Research Article| Volume 20, ISSUE 7, P741-750, July 1985

Daytime alertness in subjective and objective insomnia: Some preliminary findings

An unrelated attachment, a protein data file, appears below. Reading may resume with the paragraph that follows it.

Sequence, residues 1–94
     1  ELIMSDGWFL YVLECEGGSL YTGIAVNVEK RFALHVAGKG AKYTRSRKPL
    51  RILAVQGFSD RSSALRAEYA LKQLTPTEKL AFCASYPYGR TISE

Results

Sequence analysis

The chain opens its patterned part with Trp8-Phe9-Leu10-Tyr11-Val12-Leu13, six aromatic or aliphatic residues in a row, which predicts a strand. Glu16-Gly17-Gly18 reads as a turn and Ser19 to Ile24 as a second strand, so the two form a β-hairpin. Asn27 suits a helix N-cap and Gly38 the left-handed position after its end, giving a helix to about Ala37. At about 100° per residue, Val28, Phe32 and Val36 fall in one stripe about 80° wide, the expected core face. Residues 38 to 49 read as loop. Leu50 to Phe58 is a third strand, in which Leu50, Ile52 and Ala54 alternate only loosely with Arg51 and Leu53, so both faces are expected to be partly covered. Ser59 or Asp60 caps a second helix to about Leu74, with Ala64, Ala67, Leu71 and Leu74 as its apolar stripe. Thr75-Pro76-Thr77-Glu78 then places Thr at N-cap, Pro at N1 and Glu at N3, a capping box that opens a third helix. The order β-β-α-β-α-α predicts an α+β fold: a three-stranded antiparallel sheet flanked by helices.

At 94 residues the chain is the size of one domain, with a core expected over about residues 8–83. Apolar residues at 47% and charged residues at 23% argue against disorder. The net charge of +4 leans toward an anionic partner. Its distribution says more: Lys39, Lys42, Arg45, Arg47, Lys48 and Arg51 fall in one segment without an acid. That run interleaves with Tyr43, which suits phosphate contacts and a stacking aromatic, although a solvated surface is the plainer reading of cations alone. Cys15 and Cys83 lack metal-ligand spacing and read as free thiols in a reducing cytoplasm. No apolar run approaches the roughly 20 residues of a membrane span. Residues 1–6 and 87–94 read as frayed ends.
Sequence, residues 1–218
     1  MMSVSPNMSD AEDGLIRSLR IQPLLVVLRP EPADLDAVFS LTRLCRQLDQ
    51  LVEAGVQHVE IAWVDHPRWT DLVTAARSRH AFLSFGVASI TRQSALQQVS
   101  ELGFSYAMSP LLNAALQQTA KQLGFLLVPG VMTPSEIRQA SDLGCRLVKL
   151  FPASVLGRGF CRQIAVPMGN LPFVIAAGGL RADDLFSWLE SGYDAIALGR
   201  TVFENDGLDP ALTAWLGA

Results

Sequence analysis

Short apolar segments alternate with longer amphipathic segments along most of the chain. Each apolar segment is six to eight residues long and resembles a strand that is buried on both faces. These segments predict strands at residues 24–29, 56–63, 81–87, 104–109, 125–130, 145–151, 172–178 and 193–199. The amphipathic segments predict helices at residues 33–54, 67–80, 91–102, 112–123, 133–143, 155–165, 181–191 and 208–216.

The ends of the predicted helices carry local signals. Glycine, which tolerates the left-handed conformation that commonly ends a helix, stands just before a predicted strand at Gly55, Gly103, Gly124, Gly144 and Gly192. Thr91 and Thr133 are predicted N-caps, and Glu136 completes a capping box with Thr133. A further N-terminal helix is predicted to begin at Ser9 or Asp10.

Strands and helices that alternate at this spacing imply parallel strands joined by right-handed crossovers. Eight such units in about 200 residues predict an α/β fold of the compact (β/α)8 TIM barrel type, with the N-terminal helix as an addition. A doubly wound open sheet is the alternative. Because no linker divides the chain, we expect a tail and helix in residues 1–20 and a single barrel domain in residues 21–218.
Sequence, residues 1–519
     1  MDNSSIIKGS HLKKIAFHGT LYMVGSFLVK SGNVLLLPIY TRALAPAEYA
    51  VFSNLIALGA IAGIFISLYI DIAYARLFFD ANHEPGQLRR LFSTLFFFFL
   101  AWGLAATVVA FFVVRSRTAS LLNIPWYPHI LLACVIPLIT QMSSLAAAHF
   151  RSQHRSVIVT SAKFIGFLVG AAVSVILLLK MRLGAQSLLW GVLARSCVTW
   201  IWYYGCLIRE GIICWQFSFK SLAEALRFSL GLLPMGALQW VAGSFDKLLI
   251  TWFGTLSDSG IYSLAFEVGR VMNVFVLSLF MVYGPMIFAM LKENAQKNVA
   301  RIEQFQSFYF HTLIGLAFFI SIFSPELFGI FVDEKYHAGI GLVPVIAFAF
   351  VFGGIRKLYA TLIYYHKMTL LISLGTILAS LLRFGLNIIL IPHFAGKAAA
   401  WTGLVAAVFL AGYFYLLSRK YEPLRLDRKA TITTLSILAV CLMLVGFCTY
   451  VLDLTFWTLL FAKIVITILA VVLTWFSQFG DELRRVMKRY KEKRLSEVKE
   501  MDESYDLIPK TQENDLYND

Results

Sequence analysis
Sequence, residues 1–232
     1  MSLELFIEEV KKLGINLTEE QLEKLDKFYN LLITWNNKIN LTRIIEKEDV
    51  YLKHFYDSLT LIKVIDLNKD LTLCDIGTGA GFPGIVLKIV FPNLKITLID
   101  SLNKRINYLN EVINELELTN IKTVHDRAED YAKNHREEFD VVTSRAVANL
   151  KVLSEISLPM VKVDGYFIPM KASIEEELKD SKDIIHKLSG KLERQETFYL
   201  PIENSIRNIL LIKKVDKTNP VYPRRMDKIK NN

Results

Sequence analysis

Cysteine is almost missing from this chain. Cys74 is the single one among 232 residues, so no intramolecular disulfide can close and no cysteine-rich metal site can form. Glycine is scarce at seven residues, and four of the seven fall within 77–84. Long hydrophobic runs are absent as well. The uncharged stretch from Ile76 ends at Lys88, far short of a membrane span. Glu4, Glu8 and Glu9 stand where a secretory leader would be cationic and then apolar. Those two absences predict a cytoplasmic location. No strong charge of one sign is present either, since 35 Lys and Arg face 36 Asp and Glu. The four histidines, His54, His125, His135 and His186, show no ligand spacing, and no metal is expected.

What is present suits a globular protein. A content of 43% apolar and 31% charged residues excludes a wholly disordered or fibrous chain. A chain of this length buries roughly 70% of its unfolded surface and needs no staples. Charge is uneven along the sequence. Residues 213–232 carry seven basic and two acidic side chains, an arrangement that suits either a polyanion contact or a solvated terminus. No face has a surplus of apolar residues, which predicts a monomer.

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      Daytime performance and alertness were examined in two groups of patients with disorders of initiating and maintaining sleep (DIMS) and a control group of self-described good sleepers. Individuals complaining of disturbed sleep that was verified by polysomnographic indices (objective DIMS) and a group with complaints of disturbed sleep in the absence of objective findings (subjective DIMS) were compared with normal sleepers. Nocturnal polysomnographic recordings documented increased sleep latencies and decreased sleep efficiencies for the objective DIMS group and essentially normal sleep for the subjective DIMS group. However, the subjective DIMS group showed impaired daytime vigilance compared with both the objective DIMS and control groups. Additionally, the subjective DIMS group demonstrated an atypical daytime alertness and a tendency toward lowered arousal during vigilance task performance. Insomniacs without clear objective findings of disturbed sleep, therefore, showed decrements commonly seen following sleep loss or sleep disturbance, whereas insomniacs with evidence of disturbed nocturnal sleep did not differ from the control group in terms of waking function.
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